AUSVEG, the national Peak Industry Body for Australian vegetable growers, has endorsed comments made at the opening of the Global Food Forum by Visy Executive Chairman Anthony Pratt, about the need for more coherent and long-term planning for Australian farming.

“If Australia is to ever reach its potential as one of the global leaders in the supply of fresh, clean and high quality food, a long-term vision must be held by our farmers, food processors and political leaders,” said AUSVEG Chief Executive Officer Richard Mulcahy.

“I must also echo Mr Pratt’s comments about the need for investment in packaging, as this is one area which can improve the presentation and shelf life of Australian produce, allowing it to reach – and succeed in – foreign markets,” said Mr Mulcahy.

The Australian vegetable industry is currently investing heavily in Research and Development relating to product packaging, and will be hosting a seminar for Australian growers in June to highlight product and packaging innovation from the world.

“As a nation, we must also consider statements made by News Corp Australia’s Peter Tonagh about Australia currently only possessing the basics necessary to get food to Asia, and what we can do to improve the movement of product to these expanding markets,” said Mr Mulcahy.

“There is a real need to improve how we get our food to Asia, and initiatives, like a direct international shipping service from Tasmania, would mean we can land quality Australian produce in Asian markets more quickly,” said Mr Mulcahy.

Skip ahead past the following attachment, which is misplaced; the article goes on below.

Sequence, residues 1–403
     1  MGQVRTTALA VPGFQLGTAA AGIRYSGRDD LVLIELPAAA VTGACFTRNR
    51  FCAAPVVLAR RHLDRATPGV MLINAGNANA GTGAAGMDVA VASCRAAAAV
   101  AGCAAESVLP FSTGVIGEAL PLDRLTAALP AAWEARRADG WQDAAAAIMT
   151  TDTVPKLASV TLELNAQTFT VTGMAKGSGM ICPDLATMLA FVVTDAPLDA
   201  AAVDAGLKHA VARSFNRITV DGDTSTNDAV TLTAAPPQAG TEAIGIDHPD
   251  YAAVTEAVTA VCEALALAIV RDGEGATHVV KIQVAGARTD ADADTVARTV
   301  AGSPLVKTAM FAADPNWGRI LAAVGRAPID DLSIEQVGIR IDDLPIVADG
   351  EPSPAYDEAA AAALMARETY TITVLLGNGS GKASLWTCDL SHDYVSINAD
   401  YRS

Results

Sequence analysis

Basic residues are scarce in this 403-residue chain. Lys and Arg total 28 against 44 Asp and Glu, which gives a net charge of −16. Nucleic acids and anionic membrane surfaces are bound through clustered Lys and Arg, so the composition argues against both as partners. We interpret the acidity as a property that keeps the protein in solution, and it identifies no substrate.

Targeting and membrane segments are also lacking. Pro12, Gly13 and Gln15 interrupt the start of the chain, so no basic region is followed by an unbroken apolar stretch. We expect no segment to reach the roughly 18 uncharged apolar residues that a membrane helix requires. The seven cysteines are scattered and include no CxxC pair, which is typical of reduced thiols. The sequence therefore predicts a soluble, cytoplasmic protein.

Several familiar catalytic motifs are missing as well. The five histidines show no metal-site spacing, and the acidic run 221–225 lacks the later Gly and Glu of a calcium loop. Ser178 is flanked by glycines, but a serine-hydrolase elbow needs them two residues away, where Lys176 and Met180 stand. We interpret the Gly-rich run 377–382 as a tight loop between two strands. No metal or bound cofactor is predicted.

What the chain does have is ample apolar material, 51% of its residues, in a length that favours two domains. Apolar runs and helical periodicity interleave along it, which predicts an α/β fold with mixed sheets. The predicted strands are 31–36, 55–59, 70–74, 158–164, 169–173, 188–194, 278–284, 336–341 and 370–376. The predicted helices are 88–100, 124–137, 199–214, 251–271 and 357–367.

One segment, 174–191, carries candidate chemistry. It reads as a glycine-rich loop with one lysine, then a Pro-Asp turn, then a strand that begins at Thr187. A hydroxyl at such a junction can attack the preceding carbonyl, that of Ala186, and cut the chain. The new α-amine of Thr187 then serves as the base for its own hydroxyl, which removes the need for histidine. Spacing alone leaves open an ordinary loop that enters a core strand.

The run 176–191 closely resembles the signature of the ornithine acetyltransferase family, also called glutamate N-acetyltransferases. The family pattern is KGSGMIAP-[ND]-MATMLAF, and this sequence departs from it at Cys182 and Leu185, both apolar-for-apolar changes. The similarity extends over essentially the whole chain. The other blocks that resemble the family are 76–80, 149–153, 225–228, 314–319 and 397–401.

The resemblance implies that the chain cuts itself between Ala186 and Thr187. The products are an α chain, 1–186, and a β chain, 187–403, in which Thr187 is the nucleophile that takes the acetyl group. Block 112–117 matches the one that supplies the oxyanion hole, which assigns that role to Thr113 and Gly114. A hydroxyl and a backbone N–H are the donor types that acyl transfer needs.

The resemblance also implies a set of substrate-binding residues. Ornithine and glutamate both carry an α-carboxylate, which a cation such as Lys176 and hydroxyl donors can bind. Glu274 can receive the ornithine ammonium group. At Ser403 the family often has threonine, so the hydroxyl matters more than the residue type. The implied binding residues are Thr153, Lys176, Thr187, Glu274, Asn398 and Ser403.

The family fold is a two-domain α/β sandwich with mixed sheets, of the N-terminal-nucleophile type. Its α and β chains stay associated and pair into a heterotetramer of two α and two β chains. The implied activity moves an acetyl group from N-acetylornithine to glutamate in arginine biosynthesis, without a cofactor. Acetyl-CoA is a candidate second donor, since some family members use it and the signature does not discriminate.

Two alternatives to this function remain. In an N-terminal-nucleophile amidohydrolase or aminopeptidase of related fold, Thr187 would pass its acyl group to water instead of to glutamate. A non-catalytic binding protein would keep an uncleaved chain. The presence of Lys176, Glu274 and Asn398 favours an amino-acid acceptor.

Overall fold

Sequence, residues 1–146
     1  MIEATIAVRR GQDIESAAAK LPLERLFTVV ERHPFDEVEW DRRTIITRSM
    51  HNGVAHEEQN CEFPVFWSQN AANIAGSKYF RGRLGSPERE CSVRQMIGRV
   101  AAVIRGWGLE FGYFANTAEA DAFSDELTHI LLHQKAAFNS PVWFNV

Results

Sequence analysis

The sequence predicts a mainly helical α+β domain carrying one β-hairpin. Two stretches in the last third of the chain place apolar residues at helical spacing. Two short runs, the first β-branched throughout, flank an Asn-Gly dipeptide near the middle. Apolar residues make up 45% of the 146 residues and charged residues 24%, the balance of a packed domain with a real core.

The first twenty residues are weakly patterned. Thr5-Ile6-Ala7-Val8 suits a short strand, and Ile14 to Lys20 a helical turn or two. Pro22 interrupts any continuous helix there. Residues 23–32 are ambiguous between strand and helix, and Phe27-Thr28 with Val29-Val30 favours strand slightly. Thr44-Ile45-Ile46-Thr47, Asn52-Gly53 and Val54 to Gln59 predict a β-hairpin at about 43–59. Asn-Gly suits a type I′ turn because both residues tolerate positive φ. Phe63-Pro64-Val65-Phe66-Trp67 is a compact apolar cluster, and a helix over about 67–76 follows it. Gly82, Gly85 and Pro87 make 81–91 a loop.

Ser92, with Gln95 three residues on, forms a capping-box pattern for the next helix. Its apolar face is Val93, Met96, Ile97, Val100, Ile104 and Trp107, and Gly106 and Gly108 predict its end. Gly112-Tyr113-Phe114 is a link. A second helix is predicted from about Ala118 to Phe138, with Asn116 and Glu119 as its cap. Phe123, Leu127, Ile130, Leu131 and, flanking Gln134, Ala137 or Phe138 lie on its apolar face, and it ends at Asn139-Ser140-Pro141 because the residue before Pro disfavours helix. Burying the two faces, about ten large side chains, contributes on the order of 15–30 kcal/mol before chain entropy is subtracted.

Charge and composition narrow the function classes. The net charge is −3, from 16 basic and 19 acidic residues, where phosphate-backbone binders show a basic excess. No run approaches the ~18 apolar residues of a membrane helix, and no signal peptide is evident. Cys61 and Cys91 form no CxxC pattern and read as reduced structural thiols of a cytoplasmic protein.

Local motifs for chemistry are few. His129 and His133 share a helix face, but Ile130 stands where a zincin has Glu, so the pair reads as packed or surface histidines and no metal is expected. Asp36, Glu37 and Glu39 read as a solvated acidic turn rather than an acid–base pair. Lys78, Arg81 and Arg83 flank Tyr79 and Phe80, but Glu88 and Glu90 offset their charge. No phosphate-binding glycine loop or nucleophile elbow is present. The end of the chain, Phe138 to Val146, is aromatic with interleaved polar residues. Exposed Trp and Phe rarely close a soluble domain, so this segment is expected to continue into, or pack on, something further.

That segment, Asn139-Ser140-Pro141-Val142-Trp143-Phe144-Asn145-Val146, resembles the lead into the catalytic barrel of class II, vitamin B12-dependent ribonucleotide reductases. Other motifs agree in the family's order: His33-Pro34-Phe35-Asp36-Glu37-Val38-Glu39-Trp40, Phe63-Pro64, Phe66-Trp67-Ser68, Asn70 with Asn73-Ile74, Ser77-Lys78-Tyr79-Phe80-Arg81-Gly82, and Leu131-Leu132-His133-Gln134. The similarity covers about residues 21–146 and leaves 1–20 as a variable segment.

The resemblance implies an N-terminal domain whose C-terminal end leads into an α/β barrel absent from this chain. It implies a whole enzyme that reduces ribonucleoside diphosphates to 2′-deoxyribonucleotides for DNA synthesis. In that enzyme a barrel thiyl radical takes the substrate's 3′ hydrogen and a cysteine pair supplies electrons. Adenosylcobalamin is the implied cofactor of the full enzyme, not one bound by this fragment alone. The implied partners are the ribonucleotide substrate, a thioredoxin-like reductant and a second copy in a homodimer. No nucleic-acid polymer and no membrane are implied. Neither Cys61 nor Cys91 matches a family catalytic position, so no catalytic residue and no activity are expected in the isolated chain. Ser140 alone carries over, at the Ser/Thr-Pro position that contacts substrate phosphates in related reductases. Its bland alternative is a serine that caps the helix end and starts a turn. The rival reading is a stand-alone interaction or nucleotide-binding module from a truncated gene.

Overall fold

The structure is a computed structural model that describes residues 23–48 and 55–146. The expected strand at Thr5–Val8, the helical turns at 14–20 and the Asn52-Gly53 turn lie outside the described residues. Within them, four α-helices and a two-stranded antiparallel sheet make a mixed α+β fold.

The Global Food Forum is taking place today at the Westin Hotel in Sydney, and features speakers including federal Minister for Agriculture the Hon. Barnaby Joyce MP, Opposition Agriculture Spokesperson The Hon. Joel Fitzgibbon MP and Managing Director of Coles, Ian McLeod.

“I also support the comments made at the Global Food Forum today by Coles Managing Director, Ian McLeod. We produce some of the best fruit and vegetables in the world, but we are falling behind in terms of global competitiveness, compared to our neighbours across the ditch in New Zealand.”

“Australian growers face rising input costs, increased red tape and the sixth-highest labour costs in the world. Future demand for fruit and vegetables in Asia is greater than for any other commodity, but we need to address these obstacles to ensure that Australian vegetable growers can be profitable exporters,” said Mr Mulcahy.

“I commend the organisers of today’s forum, as access to food will be one of the key drivers of global trends in the coming century, and Australia can play an enormous part in providing for these needs, however, for this to happen, we need to look to the future,” said Mr Mulcahy.

The forum continues.


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